BENjAMIN BRITTEN – THE PRINCE OF THE PAGODAS – BBC – 1990
An maybe interesting ballet but
by far too long. Imagine bringing together Cinderella, Beauty and the Beast, King
Lear, the famous Chinese character the Monkey, the four kings from the four
cardinal points and the four winds alluding to the four Chinese dragons. And
probably many other allusions. It is a potpourri of cultural allusions.
It is classical dancing and it is
entirely based on, as for the choreography, basic numbers, two, four, six,
eight, mostly and then here and there three, five and seven. Even twelve is
also used and sixteen. The whole palette of Christian and Jewish symbolism.
Does the music requite that? I do not think so. It is the vision of the choreographer,
or rather the amplification of Benjamin Britten’s own vision by the
choreographer. The four kings did not require such a heavy play on multiples of
Two sisters, one is a half-something.
No mother whatsoever and no mother-in-law of any sort. The father thinks he is
King Lear and like an old idiotic tired man of power decides to share his
kingdom between the two sisters. Good morning Vietnam. The non-half-sister has a
betrothed boyfriend but the half-sister turns him into a salamander. Then the
half sister summons four kings from the North, dressed in black, from the East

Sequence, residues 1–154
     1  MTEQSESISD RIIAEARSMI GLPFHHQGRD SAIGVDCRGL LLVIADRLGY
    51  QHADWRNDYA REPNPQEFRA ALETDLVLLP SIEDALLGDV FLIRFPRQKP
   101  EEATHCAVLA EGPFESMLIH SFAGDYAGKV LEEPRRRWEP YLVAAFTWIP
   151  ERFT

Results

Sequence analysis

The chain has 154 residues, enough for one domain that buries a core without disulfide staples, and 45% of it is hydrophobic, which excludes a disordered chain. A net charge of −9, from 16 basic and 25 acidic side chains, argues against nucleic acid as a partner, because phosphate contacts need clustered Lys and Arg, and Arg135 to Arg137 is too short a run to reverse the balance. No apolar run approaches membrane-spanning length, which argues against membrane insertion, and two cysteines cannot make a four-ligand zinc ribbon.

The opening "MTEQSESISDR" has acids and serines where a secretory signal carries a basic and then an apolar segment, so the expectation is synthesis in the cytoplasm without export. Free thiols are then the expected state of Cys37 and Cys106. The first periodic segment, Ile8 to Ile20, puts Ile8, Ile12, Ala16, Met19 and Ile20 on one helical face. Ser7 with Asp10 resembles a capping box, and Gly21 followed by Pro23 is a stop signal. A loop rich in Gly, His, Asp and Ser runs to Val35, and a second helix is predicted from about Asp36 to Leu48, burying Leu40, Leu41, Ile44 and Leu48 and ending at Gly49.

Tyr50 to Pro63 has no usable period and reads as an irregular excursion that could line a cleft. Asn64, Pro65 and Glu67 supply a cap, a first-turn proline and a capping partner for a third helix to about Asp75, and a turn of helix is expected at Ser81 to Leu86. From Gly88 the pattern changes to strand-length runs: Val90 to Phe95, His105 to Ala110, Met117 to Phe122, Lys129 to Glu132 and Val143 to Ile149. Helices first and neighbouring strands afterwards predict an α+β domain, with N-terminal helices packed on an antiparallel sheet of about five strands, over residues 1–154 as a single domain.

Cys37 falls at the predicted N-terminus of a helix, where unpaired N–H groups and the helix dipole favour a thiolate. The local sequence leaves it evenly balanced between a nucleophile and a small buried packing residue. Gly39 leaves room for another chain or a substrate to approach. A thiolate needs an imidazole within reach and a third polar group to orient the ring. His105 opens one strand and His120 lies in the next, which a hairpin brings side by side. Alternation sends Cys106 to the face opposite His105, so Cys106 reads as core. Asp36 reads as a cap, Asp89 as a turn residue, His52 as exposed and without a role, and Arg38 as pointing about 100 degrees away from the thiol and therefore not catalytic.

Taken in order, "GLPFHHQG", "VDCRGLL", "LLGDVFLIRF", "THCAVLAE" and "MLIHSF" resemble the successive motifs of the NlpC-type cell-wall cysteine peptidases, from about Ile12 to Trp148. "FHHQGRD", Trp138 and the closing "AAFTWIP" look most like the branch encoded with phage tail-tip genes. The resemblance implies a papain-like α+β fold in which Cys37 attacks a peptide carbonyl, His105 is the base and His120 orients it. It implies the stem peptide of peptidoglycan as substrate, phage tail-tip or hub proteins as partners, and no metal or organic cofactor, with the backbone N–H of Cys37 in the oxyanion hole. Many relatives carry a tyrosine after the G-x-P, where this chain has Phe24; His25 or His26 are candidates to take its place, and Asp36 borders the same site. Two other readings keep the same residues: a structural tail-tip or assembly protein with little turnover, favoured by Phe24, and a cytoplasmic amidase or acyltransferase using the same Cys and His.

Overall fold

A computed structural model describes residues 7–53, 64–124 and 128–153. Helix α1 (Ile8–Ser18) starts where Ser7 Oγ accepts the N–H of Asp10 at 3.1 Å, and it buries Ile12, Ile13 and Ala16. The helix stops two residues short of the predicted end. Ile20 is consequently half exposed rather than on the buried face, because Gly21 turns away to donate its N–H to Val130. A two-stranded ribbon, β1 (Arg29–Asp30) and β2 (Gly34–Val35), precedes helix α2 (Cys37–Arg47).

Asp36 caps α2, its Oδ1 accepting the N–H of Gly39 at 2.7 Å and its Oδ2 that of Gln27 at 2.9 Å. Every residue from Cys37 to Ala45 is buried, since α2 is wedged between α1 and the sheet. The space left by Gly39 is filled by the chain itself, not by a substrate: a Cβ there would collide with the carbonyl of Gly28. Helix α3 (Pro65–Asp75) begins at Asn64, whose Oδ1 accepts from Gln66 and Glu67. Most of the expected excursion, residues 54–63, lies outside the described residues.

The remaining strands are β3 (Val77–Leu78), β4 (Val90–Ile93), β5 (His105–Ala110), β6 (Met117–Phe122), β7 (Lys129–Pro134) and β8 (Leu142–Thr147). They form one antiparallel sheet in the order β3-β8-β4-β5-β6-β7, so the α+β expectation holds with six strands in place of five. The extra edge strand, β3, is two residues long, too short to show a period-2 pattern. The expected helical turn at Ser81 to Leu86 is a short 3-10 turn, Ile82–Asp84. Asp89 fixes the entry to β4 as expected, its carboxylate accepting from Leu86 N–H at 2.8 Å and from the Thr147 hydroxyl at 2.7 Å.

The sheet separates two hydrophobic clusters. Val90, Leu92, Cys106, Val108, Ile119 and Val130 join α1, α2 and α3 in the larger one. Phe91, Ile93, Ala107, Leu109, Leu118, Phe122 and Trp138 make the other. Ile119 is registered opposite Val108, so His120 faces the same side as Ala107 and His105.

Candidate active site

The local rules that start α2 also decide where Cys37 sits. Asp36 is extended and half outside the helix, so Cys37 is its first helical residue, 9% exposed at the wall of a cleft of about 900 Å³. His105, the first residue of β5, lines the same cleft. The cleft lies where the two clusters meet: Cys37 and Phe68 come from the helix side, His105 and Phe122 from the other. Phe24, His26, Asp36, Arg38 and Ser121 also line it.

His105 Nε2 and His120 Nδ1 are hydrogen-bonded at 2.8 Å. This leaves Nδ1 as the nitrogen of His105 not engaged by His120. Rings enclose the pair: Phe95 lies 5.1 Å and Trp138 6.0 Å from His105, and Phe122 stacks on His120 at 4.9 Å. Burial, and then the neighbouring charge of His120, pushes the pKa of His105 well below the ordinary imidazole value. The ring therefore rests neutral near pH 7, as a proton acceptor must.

dressed in an effeminate flowery attire, from the West dressed in green and
from the South dressed in pink with golden skin. They bring presents for the
half sister, but that is purely decorative.
Of course the half sister seizes
power and the non-half sister goes beyond the looking glass into another world
and there she finds her salamander prince. It will all end up well when with one
kiss the non-half sister returns her salamander prince into his human shape. Then
she can help her wheel-chaired father to go back on the throne, to get rid of
her half sister and her four kings and to end up in a celebration of the legitimacy
of the two non-half sister and no-longer-salamander prince.
Sorry but in the time of Prokofiev
and a few other ballet composers, this is definitely trite. The music itself is
in no way original, spectacular, fascinating. It is a very standard if not banal
ballet music and the dancing to it is so “classical” that it becomes frankly
boring. It is dancing for people who do not know the world has changed since
1850. Why 1850? Just because it is a nice date.
But, and that is the score, the
second half, at least, of the third act is a series of dancing pieces for the
various groups of dancers, the various couples and the various solos. That adds
nothing to the ballet and we had already noticed these groups, these pairs and
these soloists. A pas-de-deux is a pas
de deux, though the choreographer seems to have invented two parallel,
mirror-like, symmetrical pas-de-un’s which are a pas-de-deux without any
contact between the two dancers of the couple. Like a play that was famous in a
theater in Charring Cross Road
in the early 70s by Alistair Foot and Anthony
Marriott: “No sex please, We’re British!”
I am disappointed at such a heavy
and hollow ballet with nearly no plot, with no real magic and with no really
innovative dancing. Even in 1990 there were quite more creative ballets in the
world. In fact it was more a Jacobean masque without any text than a real
ballet for even the end of the 20th century.
Dr Jacques COULARDEAU